He looked out over the balcony, across the town and the ships in the harbour. He knew it would drive a sword through his heart to do so, but he needed to broach the subject. Better the plough straight ahead. The way of the samurai is one of immediacy. He didn't turn back to face his brother-in-law. "Chiyo is dead." The pain hit him in a wave, though he did not show it, except for perhaps a slight tightening of his expression. Part of his mind was flooded with thoughts of her and of his loss, and it took a considerable portion of his focus to try and stop them from breaking through and sweeping away the rest of his thoughts entirely.

((All Masahiro's TNs +5 until a Void Point is spent due to Lost Love))
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Unread 20th of September, 2011, 21:33
Haraphen
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He said it. Kizuato had laughed at first at his brother-in-laws jibe but then he’d brought up Chiyo. Someone had too. Some part of Kizuato had hoped it was all just a bad dream but of of coarse it wasn't. Life is suffering. “Part of me had hoped...had wished her death was you’re fault. So i had someone to blame. Some target for vengeance...but there isn't she’s just..gone.” Kizuato raised his pipe to his mouth and chewed on the end or a few silent seconds. Then seemingly shrugging of the melancholy spoke up in a more upbeat tone. “And how are my nieces? I haven't seen them in a long time.”
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Unread 20th of September, 2011, 21:52
Cheveyo
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Masahiro grunted at Kizuato's words.

"I had searched for a way for it to be my fault, also. But those with such knowledge tell me there is nothing that could have been done. It is little comfort." He walked onto the balcony, took out his pipe, and lit it, offering to light his brother-in-law's. "The girls are well, they are staying with their uncle Ichiro." He blew out a stream of smoke and looked sidelong at Kizuato. "I wish I could say that Chiyo was resting peacefully, but it would be a falsehood. She visits me sometimes. Her ghost." In fact, she had not visited in a little while. She was overdue, as far as such things went. Though part of his thoughts lingered on his wife, Masahiro recognised that it would not be wise to let the conversation dwell on her entirely. He looked at Kizuato fully and nodded at his injuries. "What trouble have you got yourself into this time?"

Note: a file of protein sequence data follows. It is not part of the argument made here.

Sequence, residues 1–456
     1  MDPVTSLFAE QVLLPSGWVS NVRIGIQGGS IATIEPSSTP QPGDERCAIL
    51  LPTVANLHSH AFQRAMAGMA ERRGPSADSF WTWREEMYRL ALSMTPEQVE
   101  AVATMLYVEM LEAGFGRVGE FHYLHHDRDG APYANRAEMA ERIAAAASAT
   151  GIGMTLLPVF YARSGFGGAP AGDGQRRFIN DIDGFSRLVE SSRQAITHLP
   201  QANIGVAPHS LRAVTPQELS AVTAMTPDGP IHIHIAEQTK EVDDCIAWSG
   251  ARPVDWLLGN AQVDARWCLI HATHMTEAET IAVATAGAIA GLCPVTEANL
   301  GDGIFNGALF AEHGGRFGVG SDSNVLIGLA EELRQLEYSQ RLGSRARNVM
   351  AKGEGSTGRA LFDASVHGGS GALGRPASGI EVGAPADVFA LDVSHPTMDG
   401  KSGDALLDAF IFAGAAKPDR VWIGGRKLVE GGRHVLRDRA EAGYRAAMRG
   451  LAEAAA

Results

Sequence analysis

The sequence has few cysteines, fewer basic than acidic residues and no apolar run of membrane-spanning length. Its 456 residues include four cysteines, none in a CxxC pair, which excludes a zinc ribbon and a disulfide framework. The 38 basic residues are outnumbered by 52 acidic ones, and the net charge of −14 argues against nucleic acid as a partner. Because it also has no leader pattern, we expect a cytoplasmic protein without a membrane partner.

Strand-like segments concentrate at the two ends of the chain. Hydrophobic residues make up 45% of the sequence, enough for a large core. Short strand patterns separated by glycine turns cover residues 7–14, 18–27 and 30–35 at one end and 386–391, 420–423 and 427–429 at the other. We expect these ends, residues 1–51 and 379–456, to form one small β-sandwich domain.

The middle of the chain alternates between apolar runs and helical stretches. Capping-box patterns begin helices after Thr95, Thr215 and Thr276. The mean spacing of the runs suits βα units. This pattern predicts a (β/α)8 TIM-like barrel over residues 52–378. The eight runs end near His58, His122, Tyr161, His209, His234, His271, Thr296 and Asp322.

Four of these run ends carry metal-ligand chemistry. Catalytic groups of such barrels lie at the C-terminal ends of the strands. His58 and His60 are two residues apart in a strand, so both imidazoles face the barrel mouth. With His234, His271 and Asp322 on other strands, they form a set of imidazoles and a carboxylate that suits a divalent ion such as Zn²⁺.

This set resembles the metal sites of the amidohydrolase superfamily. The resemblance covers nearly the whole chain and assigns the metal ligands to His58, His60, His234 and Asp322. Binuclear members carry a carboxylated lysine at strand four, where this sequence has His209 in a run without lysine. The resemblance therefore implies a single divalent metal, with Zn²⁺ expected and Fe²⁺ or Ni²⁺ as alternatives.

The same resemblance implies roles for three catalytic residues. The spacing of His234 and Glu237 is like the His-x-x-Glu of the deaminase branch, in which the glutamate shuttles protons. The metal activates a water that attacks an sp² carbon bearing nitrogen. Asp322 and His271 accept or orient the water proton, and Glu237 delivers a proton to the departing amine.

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Unread 22nd of September, 2011, 05:03
Haraphen
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Kizuato accepted the light and took a deep pull from his pipe. He let the smoke dance from his mouth like a snake as his chest warmed and a relaxing wave fell over him. “I hear spirits can be confused. To those that don’t embrace death i mean. I’m sure she just misses you as you do her. I wish i was so lucky to see her one more time.”

Masahiro looked at Kizuato fully and nodded at his injuries. "What trouble have you got yourself into this time?"

He brushed the neck of his pipe across his jaw line and smiled. “You should see the other guy. Though I’m sure his corpse has made a fine meal for some animal by now.” He tucked one arm inside his kimono and turned to his brother-in-law. “Are you staying for the bon festival? If you say no ill find a way to make you.”
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Unread 28th of September, 2011, 02:12
Cheveyo
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A low chuckle escaped Masahiro's lips as he listened to Kizuato. He always enjoyed his brother-in-law's company, and he realised that he really ought to have come earlier. Although he still felt it had been necessary, he could also not help but feel that his musha shugyo had been somewhat selfish.

"Knowing you I'm sure you fed him to one yourself." He nodded and let out a sigh at the mention of the bon festival. "Of course. She deserves nothing less. Perhaps it will help both of us find some peace. Ichiro can take care of things at home. Have preparations begun?"
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Unread 28th of September, 2011, 03:13